This winter seems unending with front after front. If the cold is getting you down, Angler’s Resort in central Florida is a fantastic getaway for anglers and their families. The hurricanes of 2004 wreaked havoc on the fish populations in the Dunellon area, but they have rebounded and many species have stronger populations than before the storms. Lake Rousseau is now poised to be one of the premier trophy bass fishing destinations in the country.
My family and I got away from the hustle and bustle back home by spending a Valentine’s weekend at Angler’s Resort. With a tackle shop, restaurant and tiki bar (The Blue Gator), pontoon boat tours, airboat rides, and canoe and boat rentals, there is no need to leave.
Keith Austin, a full-time guide who fishes out of Angler’s Resort, showed me the ropes about fishing Lake Rousseau, a remnant of the Cross Florida Barge Canal. Keith fishes both the Rainbow and Withlacoochee rivers and the lake, but at the time was on quality fish in the lake. After loading the livewell with several dozen lively wild shiners from the Angler’s Resort bait shop, we headed to a public boat ramp about halfway down the lake.
After an exhilarating run that lasted maybe 30 seconds (if time to get up on plane is included), we dropped off plane and eased to the edge of the channel. With standing timber everywhere, it was not surprising to me that we were going to fish none other than standing timber. As we drifted toward the submerged stumps and timber, Keith’s depthfinder showed us leaving the channel and coming up on a five to seven foot flat strewn with submerged stumps.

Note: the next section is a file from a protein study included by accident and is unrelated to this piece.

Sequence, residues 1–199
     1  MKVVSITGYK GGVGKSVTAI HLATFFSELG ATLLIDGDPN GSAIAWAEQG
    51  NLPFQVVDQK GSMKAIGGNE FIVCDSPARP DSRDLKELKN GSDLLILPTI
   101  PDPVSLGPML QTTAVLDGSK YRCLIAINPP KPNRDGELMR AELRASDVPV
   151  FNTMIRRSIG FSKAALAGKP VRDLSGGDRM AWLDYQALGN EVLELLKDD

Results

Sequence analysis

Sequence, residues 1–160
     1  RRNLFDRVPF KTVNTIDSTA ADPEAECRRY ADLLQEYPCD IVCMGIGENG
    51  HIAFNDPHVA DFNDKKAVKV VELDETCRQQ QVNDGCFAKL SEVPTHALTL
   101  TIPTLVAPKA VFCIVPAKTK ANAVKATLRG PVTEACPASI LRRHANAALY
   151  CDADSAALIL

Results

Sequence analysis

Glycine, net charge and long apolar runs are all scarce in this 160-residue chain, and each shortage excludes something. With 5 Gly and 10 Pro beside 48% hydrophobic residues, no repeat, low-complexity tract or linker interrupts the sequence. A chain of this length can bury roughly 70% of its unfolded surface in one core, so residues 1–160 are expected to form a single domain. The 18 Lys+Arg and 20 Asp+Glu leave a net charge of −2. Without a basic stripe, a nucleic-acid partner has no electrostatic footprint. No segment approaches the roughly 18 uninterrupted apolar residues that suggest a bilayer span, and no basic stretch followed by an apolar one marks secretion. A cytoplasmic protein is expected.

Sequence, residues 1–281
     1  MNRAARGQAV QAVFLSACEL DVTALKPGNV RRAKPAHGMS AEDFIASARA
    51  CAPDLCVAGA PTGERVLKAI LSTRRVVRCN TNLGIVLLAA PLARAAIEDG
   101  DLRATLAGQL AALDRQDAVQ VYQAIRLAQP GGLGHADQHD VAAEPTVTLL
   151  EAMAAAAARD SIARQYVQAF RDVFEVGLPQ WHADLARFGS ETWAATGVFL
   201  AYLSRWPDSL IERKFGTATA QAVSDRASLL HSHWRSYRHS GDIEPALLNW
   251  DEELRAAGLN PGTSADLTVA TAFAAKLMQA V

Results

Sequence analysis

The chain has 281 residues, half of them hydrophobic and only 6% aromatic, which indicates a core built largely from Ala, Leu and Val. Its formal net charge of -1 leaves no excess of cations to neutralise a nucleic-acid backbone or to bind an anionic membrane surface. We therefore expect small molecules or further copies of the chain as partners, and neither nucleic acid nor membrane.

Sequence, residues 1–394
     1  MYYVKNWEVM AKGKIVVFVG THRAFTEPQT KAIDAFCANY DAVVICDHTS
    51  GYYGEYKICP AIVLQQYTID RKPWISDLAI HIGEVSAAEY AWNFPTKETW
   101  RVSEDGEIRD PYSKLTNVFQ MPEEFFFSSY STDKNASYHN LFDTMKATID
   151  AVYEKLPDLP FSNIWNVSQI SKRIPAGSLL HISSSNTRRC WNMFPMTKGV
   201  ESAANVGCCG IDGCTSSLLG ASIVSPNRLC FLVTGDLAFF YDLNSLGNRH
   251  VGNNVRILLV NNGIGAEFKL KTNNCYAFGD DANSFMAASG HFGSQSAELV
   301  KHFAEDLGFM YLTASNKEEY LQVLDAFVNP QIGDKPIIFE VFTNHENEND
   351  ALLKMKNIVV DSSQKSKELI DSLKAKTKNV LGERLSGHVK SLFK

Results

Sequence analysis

“I’ve been in some good fish lately on the stumps next to the channel,” Keith shared.
He netted an 8-inch shiner and skewered it through both lips with my 2/0 Gamakatsu Shiner SE hook. He pointed to a cluster of stumps and told me to pitch the shiner just past them. I did as he suggested and fed line out while the shiner swam down into the danger zone. Not more than four or five pulls of line, and my line jumped and started to move off. I laid back into a solid 4-pound largemouth bass. After but a couple jumps, the fish pulled free. Keith pitched a shiner into a nearby stumpfield and landed a 5-pounder. During the first 10 minutes of fishing, we had hooked nine pounds of bass. I was liking this wild shiner fishing! I am not a neophyte to shiner fishing, but I have a lot to learn, and could tell I was learning from an expert. Keith has guided full-time out of Dunnellon for the last 20 years. His background is competitive bass tournament fishing with lures, but he uses shiners on most of his guide trips because of their effectiveness. Lake Rousseau is also a great lake for artificial lures, such as punching vegetation mats with plastic crayfish, so if that is your interest, Keith can definitely accommodate you.
We moved to several different flats during the afternoon, slowly trolling the shiners or casting them to prime cover. At one spot, Keith caught a five pound bass from a tree-top.